Photo above: From my profile video on 365 Days of Type.
If you work in a creative field, you have no doubt cringed at the five letter word style at some point in your practice.
Whether you’re an illustration student discovering what your work looks like, or an interior designer trying to add your signature flair into every room you touch, finding your own voice and style is a challenge for most. With the rise of the maker movement (which is a topic I poured my heart out over in a recent essay), it’s easier than ever to see what everyone has to offer, laid in front of you. It’s a saturated landscape as it is, and thanks to blogs and platforms such as Instagram, we’re surrounded by image after image of other people’s work. Don’t get me wrong, I think being aware of the work of others and surrounded by inspiration is awesome, but inspiration-intoxication is real and it can be debilitating, leaving you more confused than ever as to what mark you should make and what it should look like.
As someone with a few signature styles myself — I employ a realistic, more painterly style sometimes, and at others, I prefer a vectorized, whimsical approach. Just take a look at my portfolio and you’ll see what I mean… — I’ve been down that hair-pullingly frustrating road of discovering my style which involved a lot of trial and (mostly) error. Today, I’m sharing some of the best tips I’ve learned over the years for how to establish your own unique voice and style.
Save and look at as many diverse images as possible: screenshot anything and everything that piques your interest. The more varied and different each image, the better. You should have 10+ heroes whose work you love, not just one or two. Why? Because the last thing you want to be is a copy-cat. If you love James Jean and try to make work like his, the most success you’ll muster is being the second-best James Jean. It’s a tiring road that only leads to being ignored — or worse. However, if you derive inspiration from, say, five people, some illustrators, some designers, some film directors, the less likely the work you make will look like aped.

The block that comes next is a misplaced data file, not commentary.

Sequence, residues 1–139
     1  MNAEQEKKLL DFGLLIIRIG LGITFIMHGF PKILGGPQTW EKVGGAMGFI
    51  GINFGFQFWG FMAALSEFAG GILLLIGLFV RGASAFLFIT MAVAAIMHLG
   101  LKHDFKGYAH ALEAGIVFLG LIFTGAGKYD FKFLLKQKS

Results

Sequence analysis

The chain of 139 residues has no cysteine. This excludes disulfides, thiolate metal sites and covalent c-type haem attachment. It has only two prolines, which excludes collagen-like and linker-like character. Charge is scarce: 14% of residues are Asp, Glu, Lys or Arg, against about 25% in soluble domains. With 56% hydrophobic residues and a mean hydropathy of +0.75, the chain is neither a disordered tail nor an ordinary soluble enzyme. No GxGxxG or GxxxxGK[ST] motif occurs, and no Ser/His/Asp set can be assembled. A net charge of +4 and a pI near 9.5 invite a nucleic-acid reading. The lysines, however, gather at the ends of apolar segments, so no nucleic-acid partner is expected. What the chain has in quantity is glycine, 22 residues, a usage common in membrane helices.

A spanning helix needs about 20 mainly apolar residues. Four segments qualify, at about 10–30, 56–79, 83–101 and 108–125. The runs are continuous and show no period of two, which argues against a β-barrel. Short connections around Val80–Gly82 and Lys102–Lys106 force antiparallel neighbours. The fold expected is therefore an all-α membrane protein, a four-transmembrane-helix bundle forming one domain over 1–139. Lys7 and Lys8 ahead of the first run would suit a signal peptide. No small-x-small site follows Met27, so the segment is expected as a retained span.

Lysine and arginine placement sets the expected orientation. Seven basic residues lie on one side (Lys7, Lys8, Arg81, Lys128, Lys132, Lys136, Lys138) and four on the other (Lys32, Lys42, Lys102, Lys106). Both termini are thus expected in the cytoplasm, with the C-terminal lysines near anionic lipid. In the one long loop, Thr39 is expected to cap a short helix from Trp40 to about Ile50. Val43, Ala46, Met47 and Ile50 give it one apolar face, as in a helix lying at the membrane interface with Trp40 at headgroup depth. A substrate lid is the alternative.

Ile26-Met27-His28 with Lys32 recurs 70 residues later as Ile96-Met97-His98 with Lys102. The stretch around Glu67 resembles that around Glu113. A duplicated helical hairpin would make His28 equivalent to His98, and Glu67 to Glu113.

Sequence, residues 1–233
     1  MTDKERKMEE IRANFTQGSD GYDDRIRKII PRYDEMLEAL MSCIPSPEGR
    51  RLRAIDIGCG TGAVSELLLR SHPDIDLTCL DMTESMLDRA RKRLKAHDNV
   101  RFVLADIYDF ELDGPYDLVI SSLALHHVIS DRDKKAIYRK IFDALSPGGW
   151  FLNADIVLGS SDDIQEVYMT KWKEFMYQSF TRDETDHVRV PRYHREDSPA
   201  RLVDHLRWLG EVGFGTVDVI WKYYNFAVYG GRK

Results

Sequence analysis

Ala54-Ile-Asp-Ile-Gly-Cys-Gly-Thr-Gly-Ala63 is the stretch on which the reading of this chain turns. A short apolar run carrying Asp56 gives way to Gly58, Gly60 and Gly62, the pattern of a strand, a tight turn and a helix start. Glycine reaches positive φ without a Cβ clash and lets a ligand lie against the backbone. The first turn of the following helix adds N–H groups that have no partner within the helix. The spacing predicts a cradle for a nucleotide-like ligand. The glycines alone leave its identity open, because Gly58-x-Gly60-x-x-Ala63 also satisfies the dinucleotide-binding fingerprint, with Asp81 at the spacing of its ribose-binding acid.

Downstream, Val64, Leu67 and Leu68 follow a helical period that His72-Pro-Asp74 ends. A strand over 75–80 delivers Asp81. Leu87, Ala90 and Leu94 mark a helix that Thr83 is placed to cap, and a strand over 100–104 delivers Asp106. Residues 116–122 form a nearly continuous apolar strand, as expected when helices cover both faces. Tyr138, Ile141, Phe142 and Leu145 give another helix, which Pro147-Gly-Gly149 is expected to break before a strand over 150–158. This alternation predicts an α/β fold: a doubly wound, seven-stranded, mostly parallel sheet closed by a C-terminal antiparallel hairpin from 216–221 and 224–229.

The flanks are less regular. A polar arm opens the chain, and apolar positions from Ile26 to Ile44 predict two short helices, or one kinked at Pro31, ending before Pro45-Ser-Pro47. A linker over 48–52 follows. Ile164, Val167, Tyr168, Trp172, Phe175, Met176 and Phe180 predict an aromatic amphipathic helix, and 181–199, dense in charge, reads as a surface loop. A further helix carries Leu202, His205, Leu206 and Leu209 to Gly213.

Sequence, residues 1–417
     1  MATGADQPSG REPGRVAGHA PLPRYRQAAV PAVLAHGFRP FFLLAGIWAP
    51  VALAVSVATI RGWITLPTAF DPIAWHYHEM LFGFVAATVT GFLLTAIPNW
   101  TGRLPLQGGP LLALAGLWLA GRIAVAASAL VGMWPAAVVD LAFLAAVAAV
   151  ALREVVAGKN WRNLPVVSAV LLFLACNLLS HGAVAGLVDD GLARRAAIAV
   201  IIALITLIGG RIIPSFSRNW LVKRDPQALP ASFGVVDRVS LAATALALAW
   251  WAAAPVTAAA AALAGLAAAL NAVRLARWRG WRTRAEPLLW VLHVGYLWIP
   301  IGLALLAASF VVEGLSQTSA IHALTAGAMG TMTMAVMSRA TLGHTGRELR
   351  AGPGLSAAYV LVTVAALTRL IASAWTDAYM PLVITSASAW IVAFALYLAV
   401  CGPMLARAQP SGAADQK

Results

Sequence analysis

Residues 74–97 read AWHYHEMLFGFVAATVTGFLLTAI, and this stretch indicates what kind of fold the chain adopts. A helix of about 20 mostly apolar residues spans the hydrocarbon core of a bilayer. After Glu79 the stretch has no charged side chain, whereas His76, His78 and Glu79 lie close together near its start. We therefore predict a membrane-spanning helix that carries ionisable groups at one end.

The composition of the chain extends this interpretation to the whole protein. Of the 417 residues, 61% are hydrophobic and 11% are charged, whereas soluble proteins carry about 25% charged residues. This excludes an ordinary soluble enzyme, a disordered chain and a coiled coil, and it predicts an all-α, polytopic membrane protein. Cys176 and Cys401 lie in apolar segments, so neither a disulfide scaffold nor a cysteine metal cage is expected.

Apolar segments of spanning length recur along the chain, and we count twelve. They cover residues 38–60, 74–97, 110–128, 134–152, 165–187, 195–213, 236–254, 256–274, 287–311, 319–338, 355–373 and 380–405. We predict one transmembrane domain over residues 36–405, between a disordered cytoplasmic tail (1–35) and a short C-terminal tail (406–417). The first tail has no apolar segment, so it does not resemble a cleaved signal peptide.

The best way I know how to illustrate this point is by using my tried and true analogy of a meat grinder: You might be working with pork, beef, chicken and turkey — and throw in some garlic and herbs while you’re at it –, but after you combine them all, it’s harder to pin-point exactly what’s what when it comes out. The more diverse and ample your inspiration — in combination with your own influences and personal touches — the more likely that the resulting work will be unique and signature.
Recall Your Roots
Ask yourself: why did you get into this line of work in the first place? Who did you look up to as a child? What was that movie you watched that you re-enacted every day at recess? Where did you come from? What makes you tick? What made you fall in love with that hue of pink that you always find yourself using (question directed to myself) What makes you you? It sounds cliche, but if you try to run from where you came from and what you were first inspired by, you’ll quickly become burnt out. You can try, but you’ll only run yourself into the ground. Rather, give your younger self some credit and revisit all of those things, people and places that made you fall in love with what it is you do and breathe some life into them. You might be surprised at how easy it will become to do your job. It’s a heck of a lot harder to be someone you’re not.
It’s great to find inspiration within your industry and learn from peers and colleagues, but one of the best ways I know how to keep my work original and fresh is to go looking in unexpected places: Read books; search archives; watch movies; listen to music; read the news; browse pop-culture guilty-pleasure sites; attend fashion shows; talk to someone who works in an entirely different field than you do; go for a walk. What are people in other industries doing that interest you? There’s nothing new under the sun, and standing out in such a saturated landscape is a big challenge, but those who re-invent the wheel, and reclaim have a heck of a lot better chance of coming up with something original. Gaining perspective is never a bad idea.
Keep exploring. Even if you nail a certain style or approach, divert from it, if only for a while. No one wants to be known as a one-trick pony, and the only way to create hit single after hit single is to question your process and toy with your comfort zone. I can’t guarantee that you’ll like the result every time (no one says you have to show anyone), but I can guarantee that you’ll learn something. Sometimes, learning what you don’t like and what you aren’t good at is one of the most valuable lessons one can learn. They say curiosity killed the cat, but it’s also killed many creative blocks.